Furthermore, as has been addressed ad infinitum over the last decade, through the creation of the EU, member nations exchanged fiscal sovereignty for membership in a trading bloc. When crisis struck, the inability of member nations to respond with fiscal stimulus meant that ‘externally’ imposed austerity was the only alternative. This flawed structure supported the interests of some member nations (Germany) against those of the European periphery. This institutionalized class warfare, carried out under the cover of fiscal probity, has led to widespread questioning of the nature and purpose of the liberal institutions the EU represents.
Across the U.S. and Europe cottage industries have arisen proclaiming critiques of the EU, globalism and liberalism / neoliberalism to be the work of nascent fascists and neo-fascists. While historical parallels exist, missing is analysis of the parallel failures (then and now) of neoliberal policies as well as a social accounting for the consequences of these failures.
More pointedly, such claims require historical parsing that lacks a cohesive logic outside of political posturing. American slavery and genocide against the indigenous population constituted the initial conditions of American industrial success going into the early twentieth century. Considered in combination with the scientific racism of eugenics, contemporaneous American imperial endeavors and oligarchic control over the U.S. economy going into the Great Depression, the Nazi political program looked remarkably similar to the American program.
Additionally, the genesis of racialized violence in economic relations has been materially misrepresented in current accounts of the rise of European fascism. This history is given substance in Howard Zinn’s A People’s History of the United States. Mr. Zinn provides evidence of race being knowingly used by capitalists to divert attention away inconvenient class interests. This history places the modern Democrat’s use of identity politics in a different light. Dog whistles and identity politics are premised in pre-existing and concrete racial divisions.
In contrast to white nationalism, these divisions can have a social basis, rather than in ‘nature.’ This would seem to make racial identity more malleable, and therefore more amenable to being resolved. But as establishment Democrats demonstrated through their use of dog whistles and racialized policies, rhetorical compounding can put a superficially respectable face on racialized violence. The professional class can respond to ‘crime’ without considering its history as a strategy of racialized economic taking, its genesis in capitalist class relations, or the violence inherent in policing and incarceration.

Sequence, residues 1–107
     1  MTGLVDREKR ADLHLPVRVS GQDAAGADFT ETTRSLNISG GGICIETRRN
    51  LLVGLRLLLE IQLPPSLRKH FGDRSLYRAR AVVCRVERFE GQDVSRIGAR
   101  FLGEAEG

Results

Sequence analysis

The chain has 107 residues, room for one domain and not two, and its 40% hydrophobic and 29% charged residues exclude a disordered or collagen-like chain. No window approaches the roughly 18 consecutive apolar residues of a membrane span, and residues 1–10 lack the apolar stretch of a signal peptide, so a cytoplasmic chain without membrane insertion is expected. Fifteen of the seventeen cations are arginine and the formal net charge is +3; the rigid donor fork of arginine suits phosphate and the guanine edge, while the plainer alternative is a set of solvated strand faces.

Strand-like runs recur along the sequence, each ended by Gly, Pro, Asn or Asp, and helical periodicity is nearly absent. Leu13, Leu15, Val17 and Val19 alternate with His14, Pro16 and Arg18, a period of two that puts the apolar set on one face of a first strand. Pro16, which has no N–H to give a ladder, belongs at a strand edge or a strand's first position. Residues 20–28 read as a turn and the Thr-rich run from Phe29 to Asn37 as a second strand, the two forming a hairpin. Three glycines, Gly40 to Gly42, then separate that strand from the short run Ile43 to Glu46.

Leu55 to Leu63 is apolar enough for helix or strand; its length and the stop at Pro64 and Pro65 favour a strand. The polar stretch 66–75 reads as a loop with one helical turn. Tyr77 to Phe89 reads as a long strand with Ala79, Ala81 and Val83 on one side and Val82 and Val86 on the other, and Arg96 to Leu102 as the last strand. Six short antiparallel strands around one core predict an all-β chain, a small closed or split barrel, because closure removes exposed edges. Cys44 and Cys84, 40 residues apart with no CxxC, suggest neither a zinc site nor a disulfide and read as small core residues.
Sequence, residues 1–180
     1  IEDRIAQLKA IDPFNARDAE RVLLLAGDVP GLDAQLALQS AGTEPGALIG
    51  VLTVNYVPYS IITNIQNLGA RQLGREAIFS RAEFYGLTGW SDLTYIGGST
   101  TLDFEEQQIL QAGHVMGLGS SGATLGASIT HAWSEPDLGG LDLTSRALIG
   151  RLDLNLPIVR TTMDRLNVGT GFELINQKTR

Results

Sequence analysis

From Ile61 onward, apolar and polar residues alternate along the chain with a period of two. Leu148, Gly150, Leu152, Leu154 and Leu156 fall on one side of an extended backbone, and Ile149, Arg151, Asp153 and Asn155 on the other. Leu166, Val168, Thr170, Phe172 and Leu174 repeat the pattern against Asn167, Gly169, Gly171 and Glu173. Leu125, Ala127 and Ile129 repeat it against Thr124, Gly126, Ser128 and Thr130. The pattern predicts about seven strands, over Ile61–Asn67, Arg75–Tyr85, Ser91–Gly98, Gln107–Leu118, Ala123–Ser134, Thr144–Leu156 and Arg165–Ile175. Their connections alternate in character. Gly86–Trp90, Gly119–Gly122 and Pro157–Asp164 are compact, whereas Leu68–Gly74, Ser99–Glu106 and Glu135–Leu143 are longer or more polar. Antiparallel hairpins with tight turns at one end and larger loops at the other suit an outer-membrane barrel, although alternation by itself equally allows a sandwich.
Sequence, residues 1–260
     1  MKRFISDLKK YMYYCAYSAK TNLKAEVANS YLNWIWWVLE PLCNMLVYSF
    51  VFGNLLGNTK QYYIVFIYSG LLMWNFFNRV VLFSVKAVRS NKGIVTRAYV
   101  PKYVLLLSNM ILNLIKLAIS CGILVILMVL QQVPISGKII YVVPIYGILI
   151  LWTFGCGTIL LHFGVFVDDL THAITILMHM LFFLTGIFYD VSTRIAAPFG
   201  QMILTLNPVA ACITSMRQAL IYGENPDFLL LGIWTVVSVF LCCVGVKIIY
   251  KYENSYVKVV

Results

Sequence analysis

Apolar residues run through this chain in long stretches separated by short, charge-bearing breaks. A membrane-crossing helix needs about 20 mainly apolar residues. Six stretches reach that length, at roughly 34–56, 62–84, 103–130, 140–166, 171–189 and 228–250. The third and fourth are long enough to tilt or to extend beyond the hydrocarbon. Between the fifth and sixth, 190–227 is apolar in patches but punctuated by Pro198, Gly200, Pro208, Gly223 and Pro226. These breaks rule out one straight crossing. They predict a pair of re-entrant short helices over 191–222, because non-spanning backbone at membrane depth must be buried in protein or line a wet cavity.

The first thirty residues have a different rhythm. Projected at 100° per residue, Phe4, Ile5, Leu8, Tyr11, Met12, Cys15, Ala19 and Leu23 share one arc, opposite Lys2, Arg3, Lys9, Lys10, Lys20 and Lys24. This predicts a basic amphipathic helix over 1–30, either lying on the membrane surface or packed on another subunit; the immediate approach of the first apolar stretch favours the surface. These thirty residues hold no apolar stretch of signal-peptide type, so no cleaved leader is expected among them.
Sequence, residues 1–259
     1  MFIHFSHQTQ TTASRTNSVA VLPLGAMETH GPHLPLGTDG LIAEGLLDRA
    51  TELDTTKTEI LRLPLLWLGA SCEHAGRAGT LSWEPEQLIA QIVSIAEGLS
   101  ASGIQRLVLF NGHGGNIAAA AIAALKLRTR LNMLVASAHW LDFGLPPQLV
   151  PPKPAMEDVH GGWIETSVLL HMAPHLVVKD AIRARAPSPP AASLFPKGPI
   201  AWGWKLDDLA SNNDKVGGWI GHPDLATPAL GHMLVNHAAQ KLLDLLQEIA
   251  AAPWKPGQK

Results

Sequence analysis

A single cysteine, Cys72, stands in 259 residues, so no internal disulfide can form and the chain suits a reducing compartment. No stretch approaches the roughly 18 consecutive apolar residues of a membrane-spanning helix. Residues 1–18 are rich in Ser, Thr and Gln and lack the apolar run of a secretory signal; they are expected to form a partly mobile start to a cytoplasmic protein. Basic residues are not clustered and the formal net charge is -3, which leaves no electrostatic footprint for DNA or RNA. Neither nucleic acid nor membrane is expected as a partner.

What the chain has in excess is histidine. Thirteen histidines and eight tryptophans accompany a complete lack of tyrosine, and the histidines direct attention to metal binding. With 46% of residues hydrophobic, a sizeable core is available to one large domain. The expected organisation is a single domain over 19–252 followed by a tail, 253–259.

The Democrat’s apparent strategic confusion in putting Joe Biden forward as the establishment candidate should put an end to identity politics as more than cover for the class interests that the Democrats represent. The studied ignorance embedded in the question: ‘If we broke up the big banks tomorrow…would that end racism’ is oblivious to the relationship between Bill Clinton’s neoliberal programs and his racially targeted public policies. Given the historical use of racial division as a tool of class control, the correct answer is yes, breaking up the big banks would be a step toward ending racism.
None of this is to pick on the Democrats per se. Republicans have long fostered / aligned with white nationalism. But again, given the historical genesis of the idea of race, what this suggests is that both political parties serve the interests of capital. Moral distinctions between pandering to white nationalists and the use of dog whistles and racially targeted public policies depend on parsing history in ways that the political elevation of Joe Biden calls into question.
The bitter rhetorical battle over the use, or even the theoretical coherence, of identity politics, has had no apparent impact on the Western political establishment’s march into the abyss. A quick bet is that part of the political calculus behind the elevation of Mr. Biden is that he wouldn’t hesitate to use dog whistles, racially divisive language and xenophobia if he thought it would help him win the election. The conceit that such would only be a tactic was belied when Bill Clinton used it to craft punitive policies like ending welfare and the Crime Bill.
The West, led by liberal / neoliberal establishments, is in a terrible way. As recent European elections demonstrate, the rise of hard-right governments has followed serial public disappointment with their liberal / neoliberal predecessors. Far from being irrational rejection of functioning liberalism, it is the inability of liberals to accept and address the consequences of their own mal-governance that is leading the move rightward.
Bill Clinton’s answer to Reaganism was to triangulate Reaganite policies from the right. Joe Biden is a product of this same time, place and ethos. Whomever the Democrat’s choice for president ends up being, without a fundamental redistribution of political power, the outcome will be the same— a long march into the political abyss.
By Rob Urie
Source: Counter Punch